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The Feuds of the Clans, by Alexander MacGregor, [1907], at

The Conflict of Alltan-Beath.

Donald Mackay of Strathnaver, having succeeded his brother, John, taketh the occasion upon the death of Adam, Earl of Sutherland (who left his grandchild, John, young to succeed him) to molest and invade the inhabitants

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of Sutherland. He came, the year of God 1542, with a company of men to the village of Knockartoll, burnt the same, and took a great prey of goods out of Strathbrora. Sir Hugh Kennedy of Griffen Mains dwelt then in Sutherland, having married John, Earl of Sutherland's mother, after the death of his father, Alexander, Master of Sutherland. Sir Hugh Kennedy being advertised of Mackay's coming into Sutherland, he advises with Hutcheon Murray of Abirscors, and with Gilbert Gordon of Garty, what was best to be done. They resolve to fight the enemy; and so having gathered a company of men, they overtook Mackay, unawares, beside a place called Alltan-Beath, where they invaded him suddenly; having passed his spies unseen. After a little skirmish the Strathnaver men fled, the booty was rescued, and John MacIan-MacAngus, one of their chieftains, was slain, with divers of the Strathnaver men. Donald Mackay, nevertheless, played the part of a good soldier; for in his flight he killed, with his own hand, one William Sutherland, who most eagerly pursued him in the chase. The inhabitants of Sutherland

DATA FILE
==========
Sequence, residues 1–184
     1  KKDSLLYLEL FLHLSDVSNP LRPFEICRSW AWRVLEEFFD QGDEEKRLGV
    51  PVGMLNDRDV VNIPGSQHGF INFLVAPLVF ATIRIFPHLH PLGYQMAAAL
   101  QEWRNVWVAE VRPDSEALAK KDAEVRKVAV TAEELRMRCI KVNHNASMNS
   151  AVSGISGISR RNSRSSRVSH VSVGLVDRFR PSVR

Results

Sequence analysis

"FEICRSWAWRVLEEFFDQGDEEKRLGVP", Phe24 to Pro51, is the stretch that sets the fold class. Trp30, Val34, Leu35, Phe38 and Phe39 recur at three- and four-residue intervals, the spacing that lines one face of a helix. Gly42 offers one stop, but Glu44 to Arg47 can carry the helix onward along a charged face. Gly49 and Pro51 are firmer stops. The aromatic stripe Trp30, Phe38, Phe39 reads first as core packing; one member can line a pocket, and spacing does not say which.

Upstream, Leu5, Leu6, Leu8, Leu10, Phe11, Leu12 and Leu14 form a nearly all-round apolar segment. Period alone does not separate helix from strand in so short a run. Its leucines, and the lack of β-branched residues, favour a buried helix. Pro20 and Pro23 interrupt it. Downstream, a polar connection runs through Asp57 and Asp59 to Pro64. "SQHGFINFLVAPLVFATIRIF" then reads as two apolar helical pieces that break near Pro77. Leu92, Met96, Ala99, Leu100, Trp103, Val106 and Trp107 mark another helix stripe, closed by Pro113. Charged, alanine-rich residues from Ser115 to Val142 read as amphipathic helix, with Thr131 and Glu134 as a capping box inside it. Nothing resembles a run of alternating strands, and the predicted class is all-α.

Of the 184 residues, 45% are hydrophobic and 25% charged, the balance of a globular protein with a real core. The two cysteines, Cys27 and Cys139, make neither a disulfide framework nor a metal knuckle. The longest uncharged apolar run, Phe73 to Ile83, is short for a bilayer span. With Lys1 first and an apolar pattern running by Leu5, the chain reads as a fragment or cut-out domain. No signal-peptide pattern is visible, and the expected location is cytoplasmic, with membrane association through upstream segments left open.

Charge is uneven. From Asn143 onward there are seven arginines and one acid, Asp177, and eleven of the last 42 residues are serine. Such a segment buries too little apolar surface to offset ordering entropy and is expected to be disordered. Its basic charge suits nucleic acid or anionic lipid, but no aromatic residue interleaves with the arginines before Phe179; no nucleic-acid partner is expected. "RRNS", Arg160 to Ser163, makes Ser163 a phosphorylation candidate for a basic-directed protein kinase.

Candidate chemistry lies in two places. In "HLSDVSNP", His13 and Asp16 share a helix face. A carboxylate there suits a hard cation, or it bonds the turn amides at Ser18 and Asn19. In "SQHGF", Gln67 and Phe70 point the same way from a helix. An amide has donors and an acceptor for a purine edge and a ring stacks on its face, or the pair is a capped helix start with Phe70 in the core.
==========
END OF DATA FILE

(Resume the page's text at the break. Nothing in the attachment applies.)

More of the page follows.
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and Strathnaver (in regard of Earl John's minority) did thus continually vex one another, until this Donald Mackay was apprehended and imprisoned in the Castle of Fowlis, in Ross, by commandment of the Queen Regent and the Governor, where he continued a good while in captivity.

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